June 17, 2002

The wonders of ATM cards

Shortly before our trip to Point Reyes, I noticed that my ATM card, which I had had for something like six years, was starting to fall apart. It had had little cracks in it for sometime, but those cracks were now threating to rip all the way through. Every time I put the card into an ATM machine, I wondered if it would be able to get back out again. Finally, I called our bank, AEA Credit Union, and asked for a replacement card.

We got to Point Reyes, low on cash, and discovered that my ATM card didn't work anymore. Fortunately, most places take plastic, and we had enough cash to get us through, so we got home without any problem, where we discovered my replacement ATM card. Ah, I thought, they must have turned off my old ATM card when they mailed this one. Well, everything is fine now.

Monday, while I'm in the office, Meredith called me. "My ATM card isn't working." Then she noticed that her ATM card had expired. Well, it expired in January, and was working just a week before, but, it seems, they decided that June was as good a time as any to shut down all those January cards. Odd, we thought, that we didn't get a replacement card. Well, no worries, I'll get some cash for both of us with my shiny new card.

Only my card doesn't work. "Your secret code is incorrect." When I ordered the ATM card, they asked if I wanted to keep the same code. I said yes. Well, so much for that plan. At least the machine gave me my card back.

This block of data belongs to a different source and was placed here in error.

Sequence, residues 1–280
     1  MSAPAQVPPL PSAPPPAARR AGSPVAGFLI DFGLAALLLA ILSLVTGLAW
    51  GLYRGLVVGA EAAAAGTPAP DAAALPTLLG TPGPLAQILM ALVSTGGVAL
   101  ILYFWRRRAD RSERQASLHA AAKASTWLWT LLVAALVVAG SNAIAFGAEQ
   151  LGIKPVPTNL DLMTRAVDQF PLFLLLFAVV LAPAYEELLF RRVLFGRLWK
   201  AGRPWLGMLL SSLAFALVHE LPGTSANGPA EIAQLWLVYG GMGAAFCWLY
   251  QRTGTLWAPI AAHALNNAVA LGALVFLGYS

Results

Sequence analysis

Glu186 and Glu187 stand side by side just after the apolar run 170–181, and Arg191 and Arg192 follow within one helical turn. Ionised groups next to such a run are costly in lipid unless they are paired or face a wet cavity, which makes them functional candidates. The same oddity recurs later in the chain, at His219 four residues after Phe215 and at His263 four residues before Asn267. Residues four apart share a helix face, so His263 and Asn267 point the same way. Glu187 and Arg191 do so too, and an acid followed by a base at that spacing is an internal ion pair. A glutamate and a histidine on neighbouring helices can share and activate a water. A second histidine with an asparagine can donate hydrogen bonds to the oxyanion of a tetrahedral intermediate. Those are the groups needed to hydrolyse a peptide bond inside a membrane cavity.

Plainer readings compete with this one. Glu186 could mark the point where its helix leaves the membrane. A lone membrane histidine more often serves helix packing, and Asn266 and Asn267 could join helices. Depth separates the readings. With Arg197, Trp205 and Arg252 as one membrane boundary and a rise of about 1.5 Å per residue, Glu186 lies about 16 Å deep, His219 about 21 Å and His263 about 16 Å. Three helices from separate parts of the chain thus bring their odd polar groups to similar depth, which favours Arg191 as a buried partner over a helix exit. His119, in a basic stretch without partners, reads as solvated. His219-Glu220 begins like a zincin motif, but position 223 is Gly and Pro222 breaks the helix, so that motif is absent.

The next day, Meredith drives to the nearest (i.e., only) local branch of the credit union, in Sunnyvale, where she reprograms the PIN code on my ATM card to the one we both know, and orders a new one for her. All is right with the world.

Last Friday, we received in the mail two envelopes from our bank. Two? Both of them had ATM/Visa Check Cards in them. Now, we had specifically requested that we NOT get Visa Check Cards. Check Cards are like credit cards in many ways. They are accepted as credit cards. You do not need a PIN code to use them, like credit cards. But unlike credit cards, the financial burden in the event of theft is all on you, the customer. With a credit card, if someone places unauthorized transactions on the card, you have the legal right to have the charges frozen while the credit card company investigates your dispute. While they're looking, you don't have to pay. With a check card, though, you've already paid. The money is gone, and will stay gone until your bank gets around to determining that maybe you didn't really make the charge after all. One might imagine that their incentive to do a speedy investigation might be a bit less than the incentive for the credit card company. Further, the legal liability you face in the event of theft is greater for debit cards than for check cards. (For more on the problems with check cards, click here.)

So: we didn't want the check cards. They are evil, and we didn't ask for them. So today, I spent twenty minutes on the phone (half of it on hold waiting for a human being) with AEA Credit Union, explaining this. "But don't you want the check cards?" No. "Well, it looks like one ATM card was recently ordered." Yes, mine. This was all very complex, it seems, but at the end of it, they agreed to cancel the check cards and mail Meredith a new ATM card "within seven to ten business days."

All's well that ends well, right?

Well, then I came home, got the mail — and found a new ATM card.

So much for ending...

Posted by Mike at June 17, 2002 06:43 PM